I read a story this morning, in a magazine called The Sun. It was about a young woman just before and years after her older sister disappeared at the age of 16. The sister was found, years later, murdered.
The author expressed the emptiness, regret, horror, fear, suspicion, danger, loss, fragility of relationships – so perfectly to my own imagination it made me cry. This had been my greatest fear. I didn't want to feel this.
More than 3/4s of my life I lived in that fear – what happened in this fictional story could truly happen to anyone. My mother was taken from me in my fearful, terrorized imagination many times as a child. But not in reality. My life has been filled with fear of the tragic taking someone from me. My mother, my dad, my husband, my little children, my teenaged children, my adult children, my grandchildren, my pets.
Writing requires honesty, if you desire to share something meaningful. In the past, however, I haven't handled visits to my painful memories very well. I thought perhaps I should avoid all thoughts of them. But, it isn't honest to share a picture of joy and spiritual freedom with no context. So, those painful fears are relevant. They are part of the story, the “before” picture, truth. If I refuse to “go there”, to recall what I've been delivered from... what I share will be as superficial and shallow as a billboard picture of a beach vacation.
For many years, I believed that my fears and pain had to be someone's “fault.” Someone was responsible, if not for a direct action then for failing to take preventative measures. Blame was a close friend to me for decades. It was assigned to whoever was deemed the “root” of the pain I was experiencing. But, no one was truly able to insulate me from every discomfort.
Most times, the people I held accountable were doing the best they could, with no desire to harm. They had no control of the neuroses that could grow from nursing a tiny injury that I didn't seek to heal. Sometimes the smallest event can spread like a crazed fracture in a plate of glass tapped not so very hard but under just the right set of circumstances.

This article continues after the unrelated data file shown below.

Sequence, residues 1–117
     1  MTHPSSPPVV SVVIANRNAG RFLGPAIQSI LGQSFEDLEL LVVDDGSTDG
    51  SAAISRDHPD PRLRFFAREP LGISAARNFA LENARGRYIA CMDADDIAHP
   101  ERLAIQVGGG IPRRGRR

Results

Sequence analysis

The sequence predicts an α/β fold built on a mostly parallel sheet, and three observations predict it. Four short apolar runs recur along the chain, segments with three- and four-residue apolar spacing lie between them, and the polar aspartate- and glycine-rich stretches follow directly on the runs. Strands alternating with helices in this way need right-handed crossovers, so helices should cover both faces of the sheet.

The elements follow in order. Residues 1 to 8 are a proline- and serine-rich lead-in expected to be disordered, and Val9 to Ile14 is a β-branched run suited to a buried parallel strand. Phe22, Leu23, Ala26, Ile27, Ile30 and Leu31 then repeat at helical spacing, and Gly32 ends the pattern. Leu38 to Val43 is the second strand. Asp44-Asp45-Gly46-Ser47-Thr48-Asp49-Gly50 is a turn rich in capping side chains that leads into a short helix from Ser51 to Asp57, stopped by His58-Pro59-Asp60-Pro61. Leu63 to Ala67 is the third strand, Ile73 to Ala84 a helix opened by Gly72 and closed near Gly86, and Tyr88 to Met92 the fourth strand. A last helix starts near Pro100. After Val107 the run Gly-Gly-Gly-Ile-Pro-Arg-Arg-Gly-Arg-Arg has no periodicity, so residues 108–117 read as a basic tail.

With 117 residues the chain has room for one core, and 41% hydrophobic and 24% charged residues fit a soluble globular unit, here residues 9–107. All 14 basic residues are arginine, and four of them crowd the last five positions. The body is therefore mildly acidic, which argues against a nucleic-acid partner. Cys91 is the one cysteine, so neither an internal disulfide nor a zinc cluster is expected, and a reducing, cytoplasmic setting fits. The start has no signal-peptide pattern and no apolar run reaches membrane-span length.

Blame pours its inky black stain all over your images of that person. You cover them so thoroughly that their image no longer bears the truth. Nothing is able to shine through the opaque covering of a handful of actions or decisions amidst millions of intentions, actions and decisions that reveal the true character and identity of the ones you blame.
So, while I must “go there” and remember where I began, that pot of ink is a boundary. I have no business opening it and no right to pour it over another. Yes, it hurt. But mine is not a life of stagnant victimization. It's a life of movement and growth, gaining strength and wisdom... which one cannot do if she covers every flawed human being in her history with the opaque black ink of blame. We are all flawed. Our decisions and actions may tap on another's pane of glass. Some of these are our children. If we teach them to blame, we help them to spill the ink, grow their fears, hide from wisdom and live at the mercy of the brokenness.
We aren't whitewashing anything, just recognizing that the painful truths aren't the entire truth. Don't let your story end with ink stained hands, ink covered relatives, and bitterness and injury haunting you like wraiths. It isn't what God intended for you.